CHANGING LIVES

- Money raised is used to build houses for the needy - Elders also get pension money from community projects

For the last 25 years, Sankoyo Tshwaraganang Management Trust (STMT) has been at the heart of improving lives in Sankoyo.

Serving a place located some 60km out of Maun, with a population of 1 000, Sankoyo’s Trust is a sterling example of what can be achieved when such organisations are run properly.


Long before the United Nations (UN) embarked on their Sustainable Developmental Goals (SDGs) in 2016, without realising it, the Trust had already made great strides towards achieving such.

Essentially, the SDGs, a global initiative undertaken by 193 UN nations including Botswana, are a series of all-encompassing goals (17 in total) with the aim of making the world a better place, socially, economically and environmentally, by 2030. The Trust is a living proof that this lofty dream can become a reality.

Speaking to this publication during a recent media tour of the village, STMT official, Boipuso Nyoke, proudly highlighted the impact the trust has had on the villagers. Among others, these include creating employment, providing clean drinking water and pushing education.

“The Trust employs around 25 locals; we see empowering locals as key to our mandate. To date, we have ensured that 90 percent of the village homesteads are connected with standpipes. When we started this drive in 2006, there were only five standpoints servicing the entire village,” Nyoke said.

With the water flowing freely, the Trust has also had a big impact on Sankoyo’s education structures.

“This year we sponsored seven students to pursue further studies at tertiary level, specifically related to tourism, at some of Botswana’s top institutions,” continued Nyoke, adding the village primary school made history this year finishing top in the North West District and in the top ten nationwide with a 100 percent pass rate.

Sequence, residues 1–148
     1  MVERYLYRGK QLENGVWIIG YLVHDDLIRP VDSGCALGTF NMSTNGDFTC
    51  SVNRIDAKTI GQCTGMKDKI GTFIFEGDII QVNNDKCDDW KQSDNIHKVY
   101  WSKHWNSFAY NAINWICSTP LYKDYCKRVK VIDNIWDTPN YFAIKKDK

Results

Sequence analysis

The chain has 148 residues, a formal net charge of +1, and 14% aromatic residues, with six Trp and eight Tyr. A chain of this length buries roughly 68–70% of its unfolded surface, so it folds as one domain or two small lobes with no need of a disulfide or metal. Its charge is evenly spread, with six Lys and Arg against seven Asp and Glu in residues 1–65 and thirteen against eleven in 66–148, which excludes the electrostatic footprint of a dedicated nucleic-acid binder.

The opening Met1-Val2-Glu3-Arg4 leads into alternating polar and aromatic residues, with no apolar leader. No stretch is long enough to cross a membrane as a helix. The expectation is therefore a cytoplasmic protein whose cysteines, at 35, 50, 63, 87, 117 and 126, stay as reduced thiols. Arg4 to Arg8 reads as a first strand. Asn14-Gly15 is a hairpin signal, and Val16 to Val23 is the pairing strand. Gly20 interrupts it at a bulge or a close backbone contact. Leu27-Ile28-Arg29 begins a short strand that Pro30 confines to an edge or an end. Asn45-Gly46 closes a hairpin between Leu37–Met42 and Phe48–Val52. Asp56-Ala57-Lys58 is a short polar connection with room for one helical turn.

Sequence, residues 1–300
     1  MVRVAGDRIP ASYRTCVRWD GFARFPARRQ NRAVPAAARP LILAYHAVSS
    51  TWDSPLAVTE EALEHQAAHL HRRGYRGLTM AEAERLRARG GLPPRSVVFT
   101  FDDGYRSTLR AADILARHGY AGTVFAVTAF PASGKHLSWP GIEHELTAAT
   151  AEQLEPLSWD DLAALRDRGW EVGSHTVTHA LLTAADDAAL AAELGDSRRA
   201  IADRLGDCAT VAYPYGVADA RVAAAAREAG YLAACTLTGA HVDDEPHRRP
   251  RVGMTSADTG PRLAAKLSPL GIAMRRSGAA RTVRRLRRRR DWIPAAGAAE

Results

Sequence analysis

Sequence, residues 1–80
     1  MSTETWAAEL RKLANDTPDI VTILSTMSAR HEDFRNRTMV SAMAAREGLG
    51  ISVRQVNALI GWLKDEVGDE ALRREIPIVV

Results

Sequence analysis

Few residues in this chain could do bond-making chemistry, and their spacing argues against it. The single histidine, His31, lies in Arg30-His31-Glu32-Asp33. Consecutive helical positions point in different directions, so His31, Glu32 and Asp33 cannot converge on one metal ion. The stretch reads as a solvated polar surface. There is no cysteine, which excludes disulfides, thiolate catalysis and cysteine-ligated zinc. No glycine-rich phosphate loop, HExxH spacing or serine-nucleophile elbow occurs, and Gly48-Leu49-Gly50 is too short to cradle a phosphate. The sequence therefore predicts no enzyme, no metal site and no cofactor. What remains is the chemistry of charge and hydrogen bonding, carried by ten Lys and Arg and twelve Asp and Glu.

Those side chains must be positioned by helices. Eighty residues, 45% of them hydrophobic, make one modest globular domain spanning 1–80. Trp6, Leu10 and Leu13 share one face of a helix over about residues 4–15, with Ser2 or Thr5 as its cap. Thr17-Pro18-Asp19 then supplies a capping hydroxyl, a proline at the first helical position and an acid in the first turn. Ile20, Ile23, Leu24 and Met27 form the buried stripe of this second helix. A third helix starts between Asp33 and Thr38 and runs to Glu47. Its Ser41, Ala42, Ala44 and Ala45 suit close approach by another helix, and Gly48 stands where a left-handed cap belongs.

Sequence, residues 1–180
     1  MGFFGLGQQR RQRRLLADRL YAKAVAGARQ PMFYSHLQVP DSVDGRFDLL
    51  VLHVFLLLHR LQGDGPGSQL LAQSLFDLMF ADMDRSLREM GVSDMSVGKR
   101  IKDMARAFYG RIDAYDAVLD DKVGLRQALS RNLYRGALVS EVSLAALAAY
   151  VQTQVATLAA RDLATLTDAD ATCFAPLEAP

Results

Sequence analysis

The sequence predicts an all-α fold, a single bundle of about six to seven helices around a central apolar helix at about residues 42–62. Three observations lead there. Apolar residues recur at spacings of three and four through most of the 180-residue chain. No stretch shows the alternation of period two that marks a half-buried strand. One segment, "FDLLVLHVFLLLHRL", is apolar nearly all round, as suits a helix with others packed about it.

“It was the first time we achieved such and now the challenge is to sustain it. We believe quality education is the best way to escape poverty and will continue to support the school in whatever way necessary,” she declared.

Backed by an annual budget of around P5 million, money made primarily from leasing out two concessions (NG 33 and NG 34) to private investors, the Trust distributes part of the funds to villagers over the age of 55 as an annual pension.

“We are an inclusive society and look after our elders – most would have no income without this. We have also built several one-room houses for disadvantaged members of our community.

“As part of their CSR responsibilities, the companies we lease land to are also obliged to help in this aspect,” revealed Nyoke, whose organisation also sponsors the local football team, First Division North side, Sankoyo Bushbucks.

With wildlife especially elephants, prominent in the area, the Trust has found a way to live in relative harmony with the animals.

“We co-exist. We operate Kazi Kini Campsite, where we have set-up a watering hole for animals. It ensures there is water all year round and is an excellent spot for tourists to come and see elephants up close,” Nyoke said.

Surprised to hear about the UN’s SDG crusade, she nods her head emphatically when informed exactly what it entails.

“It is good and it can be done; if we can manage such in Sankoyo, why not the rest of the country?" Nyoke said defiantly.

Meanwhile, the Shorobe Basket Cooperative, based in Shorobe village, is in the business of weaving baskets for sale. According to the secretary of the Trust, Solomon Galesiiwe, in a good year, members of the cooperative get annual bonuses to help look after their families including buying uniform for the school-going children. The secretary is disappointed that the youth are not interested in learning the art of weaving.

He further decried the fact that elephants destroy the plant used to make the baskets, a threat to the weaving business. Their aim now, he added, is to diversify by including a coffee shop as well as serve meals for tourists.